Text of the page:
State v. Lynch, 334 N.C. 402, 408-09, 432 S.E.2d 349, 352 (1993) (internal citations omitted).
    This Court has stated:
        Whether cross-examination is unfair is generally a matter in the sole discretion of the trial judge, and his ruling thereon will not be disturbed absent a showing of gross abuse of discretion. The trial judge sees and hears the witnesses, knows the background of the case, and is in a favorable position to control the proper bounds of cross-examination. Since it is in the discretion of the trial judge to determine the limit of legitimate cross-examination, his rulings thereon are not prejudicial error absent a showing that the verdict was improperly influenced by the ruling.
State v. Little, 163 N.C. App. 235, 242, 593 S.E.2d 113, 117 (2004) (internal quotations and citations omitted), disc. rev. denied, 358 N.C. 736, 602 S.E.2d 366.
    Here, the transcript shows defendant was not cross-examined about the underlying facts and circumstances of his conviction for “possession with intent to sell and deliver cocaine and some gun charges” in 2001. Defendant was arrested and charged with murder on 16 February 1999. The State questioned defendant about the timing of his prior conviction, a permissible inquiry. Lynch, 334 N.C. at 408-09, 432 S.E.2d at 352.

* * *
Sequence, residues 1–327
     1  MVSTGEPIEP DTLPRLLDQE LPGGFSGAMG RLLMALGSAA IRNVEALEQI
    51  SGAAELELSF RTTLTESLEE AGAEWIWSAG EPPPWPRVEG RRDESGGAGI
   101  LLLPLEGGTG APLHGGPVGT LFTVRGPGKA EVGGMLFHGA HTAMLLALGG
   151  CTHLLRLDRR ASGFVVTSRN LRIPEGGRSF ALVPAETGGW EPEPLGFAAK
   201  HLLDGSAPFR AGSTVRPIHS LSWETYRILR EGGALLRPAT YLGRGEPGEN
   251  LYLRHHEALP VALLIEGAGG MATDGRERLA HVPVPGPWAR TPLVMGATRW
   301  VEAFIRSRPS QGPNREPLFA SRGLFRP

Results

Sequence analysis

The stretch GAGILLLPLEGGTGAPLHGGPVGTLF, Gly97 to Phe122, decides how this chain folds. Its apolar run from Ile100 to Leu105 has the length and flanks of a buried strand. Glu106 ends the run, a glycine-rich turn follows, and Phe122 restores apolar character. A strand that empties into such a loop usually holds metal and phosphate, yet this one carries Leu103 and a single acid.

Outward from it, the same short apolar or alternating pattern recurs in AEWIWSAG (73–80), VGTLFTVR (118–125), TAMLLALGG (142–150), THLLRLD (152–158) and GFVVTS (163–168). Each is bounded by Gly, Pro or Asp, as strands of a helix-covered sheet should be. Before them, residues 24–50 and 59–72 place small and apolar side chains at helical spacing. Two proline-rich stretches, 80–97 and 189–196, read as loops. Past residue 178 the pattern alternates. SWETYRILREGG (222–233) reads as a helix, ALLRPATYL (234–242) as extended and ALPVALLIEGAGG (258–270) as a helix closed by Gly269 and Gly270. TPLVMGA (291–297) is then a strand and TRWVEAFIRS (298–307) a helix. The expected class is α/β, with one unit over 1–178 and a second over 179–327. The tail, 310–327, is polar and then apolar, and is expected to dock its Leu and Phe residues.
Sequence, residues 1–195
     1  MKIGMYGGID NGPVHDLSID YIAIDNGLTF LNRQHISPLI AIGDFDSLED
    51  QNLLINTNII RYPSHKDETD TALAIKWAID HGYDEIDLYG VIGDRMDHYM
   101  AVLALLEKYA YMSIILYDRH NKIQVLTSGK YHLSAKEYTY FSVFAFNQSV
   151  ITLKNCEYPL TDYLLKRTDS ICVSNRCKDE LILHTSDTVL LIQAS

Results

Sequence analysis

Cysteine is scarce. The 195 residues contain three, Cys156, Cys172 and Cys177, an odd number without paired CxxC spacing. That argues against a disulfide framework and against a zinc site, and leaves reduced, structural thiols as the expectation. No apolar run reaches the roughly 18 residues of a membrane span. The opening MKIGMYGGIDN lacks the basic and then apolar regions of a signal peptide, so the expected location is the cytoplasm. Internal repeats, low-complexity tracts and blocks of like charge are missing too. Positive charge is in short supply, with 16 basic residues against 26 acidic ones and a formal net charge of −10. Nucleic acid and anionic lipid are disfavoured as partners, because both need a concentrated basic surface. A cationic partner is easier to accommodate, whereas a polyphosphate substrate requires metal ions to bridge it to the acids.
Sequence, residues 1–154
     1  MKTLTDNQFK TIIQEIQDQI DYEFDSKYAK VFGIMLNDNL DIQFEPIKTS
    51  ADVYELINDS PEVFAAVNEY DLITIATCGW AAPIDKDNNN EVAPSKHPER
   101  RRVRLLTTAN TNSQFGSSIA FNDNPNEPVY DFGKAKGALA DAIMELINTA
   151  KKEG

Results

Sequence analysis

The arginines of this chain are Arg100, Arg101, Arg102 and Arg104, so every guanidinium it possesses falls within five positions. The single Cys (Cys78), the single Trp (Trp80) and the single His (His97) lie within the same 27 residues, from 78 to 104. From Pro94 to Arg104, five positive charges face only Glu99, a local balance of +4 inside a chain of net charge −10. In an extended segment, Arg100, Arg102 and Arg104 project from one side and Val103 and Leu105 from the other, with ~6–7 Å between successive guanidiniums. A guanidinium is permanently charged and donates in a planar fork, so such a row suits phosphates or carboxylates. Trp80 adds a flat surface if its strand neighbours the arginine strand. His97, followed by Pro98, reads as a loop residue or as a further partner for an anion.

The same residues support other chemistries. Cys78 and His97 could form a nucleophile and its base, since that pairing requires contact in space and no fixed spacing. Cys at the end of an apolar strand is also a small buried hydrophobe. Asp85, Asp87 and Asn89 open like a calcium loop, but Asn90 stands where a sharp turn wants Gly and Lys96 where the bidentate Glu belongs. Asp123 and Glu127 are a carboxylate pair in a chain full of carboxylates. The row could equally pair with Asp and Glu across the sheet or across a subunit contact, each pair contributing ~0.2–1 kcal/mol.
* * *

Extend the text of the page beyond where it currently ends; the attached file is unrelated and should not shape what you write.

The trial court did not abuse its discretion when it allowed the State to cross-examine defendant on the timing of his prior conviction. This assignment of error is overruled.
VI. Conclusion
    Viewed in the light most favorable to the State, substantial evidence showed defendant or those with whom he acted in concert, Charles and Richard, shot and killed McRae. The State's evidence showed “a reasonable inference of defendant's guilt [that] may be drawn from the circumstances.” Ellis, 168 N.C. App. at 657, 608 S.E.2d at 807. The trial court properly denied defendant's motion to dismiss at the close of all of the evidence.
    Marsha's testimony was relevant and not inadmissible victim impact evidence. The trial court properly denied defendant's motion in limine to exclude her testimony.
    The trial court did not abuse its discretion when it permitted the State to cross-examine defendant on the timing of his priorconvictions. Defendant received a fair trial, free from prejudicial errors he preserved, assigned, and argued.
    No Error.
    Judges HUNTER and JACKSON concur.
    Report per Rule 30(e).